EDITOR'S NOTE: On occasion, we all need help. But where to turn? Fortunately, Rachel Nichols is here to bring us the special kind of advice that only the world's greatest athletes can dole out. Whether to take it or not ... well, that's up to you. Today's Ill-Advised expert: Matt Leinart, Southern Cal quarterback and Heisman Trophy hopeful.
RACHEL: So this week, it's back to school with Matt Leinart. But before we get class in session, a short pop quiz: What's the best advice anyone ever gave you?
MATT: Well, it's kind of corny.
RACHEL: Go ahead. Cheese out.
MATT:: My family just always told me to set your goals high, just to dream big because anything is possible. I'm kind of living my dream playing football here at USC, starting quarterback. So dream big. I mean, why not?
RACHEL: Was that always your dream?
MATT: Actually, my dream when I was little was to play pro baseball.
RACHEL: Hmm. OK. Just to clear this up for you: Baseball -- little white ball. Stitches on it. Football -- bigger, pigskin-type thing.
MATT: This is true. But let's say I'm hoping I'm going to make a career out of this football thing now.
RACHEL: Fair enough. So let's begin the advice-o-rama. Our first question is from Sandy Keeler in Wisconsin. She says, "I've been offered a full-ride volleyball scholarship to college, but what I really want to do is go to film school. My family can probably afford the tuition, but my parents would rather not pay for school; and besides, they're really proud of my volleyball career. What should I do?"
MATT: To me, the important thing is to make your own decisions, so she should go to film school. Or she could go to a school where she can play volleyball and be in the film school. We have a great film school here.
RACHEL: Would you be in her student film if she asked you to? You'd have to look all pensive and arty.
MATT: Sure, I'd do it. I've been in a student film already, my freshman year. I was playing basketball in it or something.
RACHEL: Ah, a secret past. Good to know that if this whole football thing doesn't work out, you'll have something reliable to fall back on. Like acting. Or maybe just advice columnist. The next soul desperate for your services is Steve Pruer in Baltimore. He says, "I work construction; and every day, my wife packs me the same ham and cheese sandwich. I don't mean to be critical, but she's got to start mixing it up. What other sandwich suggestions can you make?"
MATT: Hmm ... this is worth some thought. I like the Italian sandwiches. If she wants to put some work into it, it could have some ham, turkey, salami and all that kind of stuff. Of course, peanut butter and jelly is always good.
RACHEL: You're sounding a little lustful over there.
MATT: Oh, I'm totally a sandwich connoisseur. Quizno's, Togo's, Subway. You definitely have to mix it up a little bit. He's just got to be as nice about it as possible when he asks her. Otherwise -- no sandwiches at all.
RACHEL: The horror. I bet you're a cut-off-the-crusts guy.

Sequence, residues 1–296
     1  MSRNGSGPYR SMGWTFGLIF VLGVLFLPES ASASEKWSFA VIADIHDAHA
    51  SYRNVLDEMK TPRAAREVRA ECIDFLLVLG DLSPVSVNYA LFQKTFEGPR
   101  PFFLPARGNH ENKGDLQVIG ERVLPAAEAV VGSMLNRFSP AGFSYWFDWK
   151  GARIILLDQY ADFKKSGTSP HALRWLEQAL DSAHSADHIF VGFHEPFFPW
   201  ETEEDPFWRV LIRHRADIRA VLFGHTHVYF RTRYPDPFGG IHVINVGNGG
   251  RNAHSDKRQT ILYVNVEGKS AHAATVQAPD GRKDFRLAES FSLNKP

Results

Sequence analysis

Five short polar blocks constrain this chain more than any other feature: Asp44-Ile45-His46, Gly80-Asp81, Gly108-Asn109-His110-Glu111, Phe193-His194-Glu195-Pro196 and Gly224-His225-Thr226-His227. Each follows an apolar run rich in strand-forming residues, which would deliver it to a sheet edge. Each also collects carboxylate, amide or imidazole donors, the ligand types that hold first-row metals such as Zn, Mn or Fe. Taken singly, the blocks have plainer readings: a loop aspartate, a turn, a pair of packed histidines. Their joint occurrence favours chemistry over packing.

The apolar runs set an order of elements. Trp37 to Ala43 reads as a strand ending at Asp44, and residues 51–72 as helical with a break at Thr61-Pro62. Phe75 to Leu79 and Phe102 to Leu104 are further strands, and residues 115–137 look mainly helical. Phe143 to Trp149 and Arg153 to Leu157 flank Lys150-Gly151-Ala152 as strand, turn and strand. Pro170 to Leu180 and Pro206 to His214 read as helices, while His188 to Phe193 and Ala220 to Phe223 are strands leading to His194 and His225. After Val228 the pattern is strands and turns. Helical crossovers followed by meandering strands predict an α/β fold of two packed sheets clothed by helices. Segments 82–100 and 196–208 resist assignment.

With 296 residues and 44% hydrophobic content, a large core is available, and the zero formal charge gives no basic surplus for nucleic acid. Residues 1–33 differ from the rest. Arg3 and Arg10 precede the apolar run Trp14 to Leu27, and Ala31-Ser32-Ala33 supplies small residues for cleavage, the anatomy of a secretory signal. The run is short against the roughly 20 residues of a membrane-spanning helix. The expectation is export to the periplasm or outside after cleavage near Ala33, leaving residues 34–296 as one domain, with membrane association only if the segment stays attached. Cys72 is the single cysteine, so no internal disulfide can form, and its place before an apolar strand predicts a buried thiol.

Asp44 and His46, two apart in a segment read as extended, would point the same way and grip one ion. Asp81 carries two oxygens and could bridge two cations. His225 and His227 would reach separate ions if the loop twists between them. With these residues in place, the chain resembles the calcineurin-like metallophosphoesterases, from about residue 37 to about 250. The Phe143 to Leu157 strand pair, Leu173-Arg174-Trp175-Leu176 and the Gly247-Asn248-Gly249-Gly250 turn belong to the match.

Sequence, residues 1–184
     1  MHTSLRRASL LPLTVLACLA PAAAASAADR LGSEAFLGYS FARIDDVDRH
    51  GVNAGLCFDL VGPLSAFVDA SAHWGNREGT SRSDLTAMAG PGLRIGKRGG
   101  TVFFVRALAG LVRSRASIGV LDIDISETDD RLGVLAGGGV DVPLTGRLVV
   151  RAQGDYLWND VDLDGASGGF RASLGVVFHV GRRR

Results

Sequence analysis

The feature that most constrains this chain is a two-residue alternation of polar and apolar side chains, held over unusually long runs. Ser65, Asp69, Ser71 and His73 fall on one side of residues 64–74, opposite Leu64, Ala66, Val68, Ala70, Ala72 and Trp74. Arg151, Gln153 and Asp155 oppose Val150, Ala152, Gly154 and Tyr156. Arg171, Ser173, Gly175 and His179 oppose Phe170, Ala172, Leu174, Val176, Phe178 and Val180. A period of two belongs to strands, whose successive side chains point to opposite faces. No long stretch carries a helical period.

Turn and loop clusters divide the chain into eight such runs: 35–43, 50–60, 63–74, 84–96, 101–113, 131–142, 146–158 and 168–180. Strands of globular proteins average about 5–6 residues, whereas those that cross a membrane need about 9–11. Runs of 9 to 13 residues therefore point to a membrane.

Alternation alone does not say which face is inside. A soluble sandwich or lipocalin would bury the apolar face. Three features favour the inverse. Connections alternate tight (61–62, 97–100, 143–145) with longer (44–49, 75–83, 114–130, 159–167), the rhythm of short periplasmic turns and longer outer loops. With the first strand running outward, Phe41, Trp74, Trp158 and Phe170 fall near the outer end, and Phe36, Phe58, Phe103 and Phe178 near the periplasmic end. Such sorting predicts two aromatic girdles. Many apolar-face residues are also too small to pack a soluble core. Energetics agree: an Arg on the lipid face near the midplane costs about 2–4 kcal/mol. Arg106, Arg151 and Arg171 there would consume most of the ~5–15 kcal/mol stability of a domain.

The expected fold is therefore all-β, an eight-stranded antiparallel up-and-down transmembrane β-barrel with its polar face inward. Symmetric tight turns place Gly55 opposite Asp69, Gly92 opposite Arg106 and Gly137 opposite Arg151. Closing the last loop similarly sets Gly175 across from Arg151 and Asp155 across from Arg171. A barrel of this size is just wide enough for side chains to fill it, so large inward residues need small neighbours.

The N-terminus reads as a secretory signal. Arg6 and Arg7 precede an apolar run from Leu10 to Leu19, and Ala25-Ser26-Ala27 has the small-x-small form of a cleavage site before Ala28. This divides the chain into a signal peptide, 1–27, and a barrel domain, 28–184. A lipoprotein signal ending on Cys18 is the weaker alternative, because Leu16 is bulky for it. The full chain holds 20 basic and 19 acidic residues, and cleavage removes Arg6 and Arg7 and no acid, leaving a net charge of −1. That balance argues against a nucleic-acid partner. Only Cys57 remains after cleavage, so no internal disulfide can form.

MATT: No, crusts are good. Don't fear the crust.
RACHEL: Just the Turtle. So here's a football question: Jason in Kentucky writes, "I have a twin brother. My parents put us in different high schools so we would have different friends and stuff, but we both play football and we're playing each other next week. I know he's been limping around since his last game. Do I tell the other guys on my team, who could use it to their advantage? Or do I keep my mouth shut because he's my brother?"
MATT: You've got to keep your mouth shut. You don't let up on your brother because he's hurt, but you don't rat him out, either.
RACHEL: Oh, I don't know. You're awfully quick to rule out blackmail. Do you have a brother?
MATT: Yeah, but he's like 25. He's older. We're close, but I wouldn't hesitate to go after him. We used to have our battles in the front yard, and I used to be the kid he'd tell all his friends to pick on.
RACHEL: This is why, even as a kid, you should just travel with an offensive line. Your brother, your math teacher -- if anyone gets rough, those guys know what to do. Of course, not so convenient on a date. Hard to fit everyone into the booth at the restaurant. Which brings us to our romance question of the day, from Sean in Minneapolis. He writes, "My girlfriend hates my cat. My cat has been with me through thick and thin and is my best buddy. But obviously, he can't offer me the things my girlfriend can. What do I do?"
MATT: Man, I hate cats.
RACHEL: Cats, I feel, are not a good sign. And people out there: Save your letters. You can argue that one cat is OK; but I have strong feelings that unless you're a grandma with a big front porch, it's never OK to get that second cat. Then you're pretty much the chick with the cats. But I don't know about a guy.
MATT: Oh, it's worse if you're a guy. Look, if it's a dog, we might have a discussion. Dogs are your friends. But a cat? Pick your girlfriend, dude. Cats are useless.
RACHEL: So, Sean, go down to the shelter, do a dog-for-cat swap, and then take your girlfriend to a movie. Maybe if the dog's cute, the girlfriend will still be there in the morning. And maybe if you're really lucky, she'll make you a sandwich.
So the last question we always ask for this column is, what's the best piece of advice you can give to everyone out there?
MATT: Probably, "Don't mix colors with whites." You get pink. Hey, I'm in college. Right now, that's big.
Got an issue or a question, or otherwise need to be 'Ill-Advised' in the future? Send it to Rachel Nichols right here.